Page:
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Message from Supt. Brooks on Sandy Hook Tragedy

December 17, 2012

This week before winter break is unlike any other we've experienced with the Sandy Hook tragedy still heavy in our hearts. We want you to know we are very much aware of your concerns and are doing everything we can to address and alleviate the understandably high levels of anxiety we face in our community today.

The safety of our students and staff is always our top priority. APS will be reviewing all safety protocols with our schools in the days ahead. This is something we do on a regular basis throughout the school year. Please understand that it's not in the best interest of our students and staff to publicly discuss details of our site safety plans.

Don't be alarmed if you notice an increased police presence on school campuses. The measure is intended to ease the fears some may have about returning to schools.

Our district school police department has been in contact with law enforcement agencies across the city, county and state. We are all committed to working together to do everything we can to keep our schools safe.

We've reached out to teachers to offer any support they may need. Teachers are on the front lines and may have one of the toughest jobs out there this week – keeping students focused, maintaining as much normalcy as possible in the classroom and being sensitive to the needs of shaken students.

School guidance counselors are ready to offer any assistance necessary for staff or students. Even though this traumatic event happened in Connecticut, it can still affect us through media. Every person is impacted differently, and some children may not understand the event.

Some students may view media coverage of the shootings and then worry the same could happen to them. It is important to help students understand what happened in terms they can understand. Spend time talking with your child about his/her thoughts about media coverage, what their friends are saying, and how they feel about it all. Place limits on how much media coverage your child sees and then try to explain the coverage and put it into context.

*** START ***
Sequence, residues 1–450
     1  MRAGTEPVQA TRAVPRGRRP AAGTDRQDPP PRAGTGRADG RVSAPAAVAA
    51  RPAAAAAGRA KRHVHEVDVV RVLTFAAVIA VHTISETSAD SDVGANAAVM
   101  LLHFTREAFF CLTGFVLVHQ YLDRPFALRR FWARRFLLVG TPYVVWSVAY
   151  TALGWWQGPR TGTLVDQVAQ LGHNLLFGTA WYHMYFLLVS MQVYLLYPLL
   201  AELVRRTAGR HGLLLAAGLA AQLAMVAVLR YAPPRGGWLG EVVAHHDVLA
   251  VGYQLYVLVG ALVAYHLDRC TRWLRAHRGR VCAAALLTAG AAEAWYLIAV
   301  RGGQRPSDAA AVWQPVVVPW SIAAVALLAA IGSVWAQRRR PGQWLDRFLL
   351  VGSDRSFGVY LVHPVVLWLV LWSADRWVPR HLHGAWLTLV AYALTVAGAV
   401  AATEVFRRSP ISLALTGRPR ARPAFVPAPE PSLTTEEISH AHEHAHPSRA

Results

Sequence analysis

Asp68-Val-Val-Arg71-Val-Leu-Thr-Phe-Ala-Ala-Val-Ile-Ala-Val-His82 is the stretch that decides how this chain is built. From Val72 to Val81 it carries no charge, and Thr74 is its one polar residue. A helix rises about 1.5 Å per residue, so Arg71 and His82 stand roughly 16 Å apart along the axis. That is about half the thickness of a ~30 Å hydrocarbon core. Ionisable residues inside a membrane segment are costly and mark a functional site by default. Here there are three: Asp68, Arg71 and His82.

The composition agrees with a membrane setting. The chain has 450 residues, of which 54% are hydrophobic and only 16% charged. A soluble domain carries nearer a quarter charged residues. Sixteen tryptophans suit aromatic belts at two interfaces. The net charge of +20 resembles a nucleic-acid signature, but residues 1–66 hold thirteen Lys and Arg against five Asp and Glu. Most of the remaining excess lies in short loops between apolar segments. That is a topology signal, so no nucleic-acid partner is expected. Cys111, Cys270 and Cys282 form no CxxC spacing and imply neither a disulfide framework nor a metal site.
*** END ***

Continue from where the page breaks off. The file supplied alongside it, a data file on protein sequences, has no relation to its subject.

Please give some thought to what is developmentally appropriate for children to watch, read or listen to about this tragedy.

Keep in mind that some children may be less affected than others, and that's OK. Encourage your child to talk with a trusted adult at school if he or she feels anxious or scared during the school day.

Remind your child of the good things going on at school and at home. Talk about all the different people who are there to help them at school, at home and in the community. The most important thing you can do is talk with your child. Even if you don't know what to say, talking, listening and reassuring him/her is the best way to help.

Finally, please remind your child to tell an adult if he or she ever becomes aware of information that could lead to a student safety issue. The courageous efforts of students and adults in the past have helped police prevent what could have been more senseless violence. We can't forget the power of information and our responsibility to share what we know when we can.

For more tips on how to talk with students about the Connecticut tragedy, visit this link on the APS website.

We will get through this, though it will take time. We will never forget and we ask that you continue to keep the innocent Sandy Hook victims and their families in your thoughts and prayers.

Sincerely,

Winston Brooks, Superintendent

Albuquerque Public Schools

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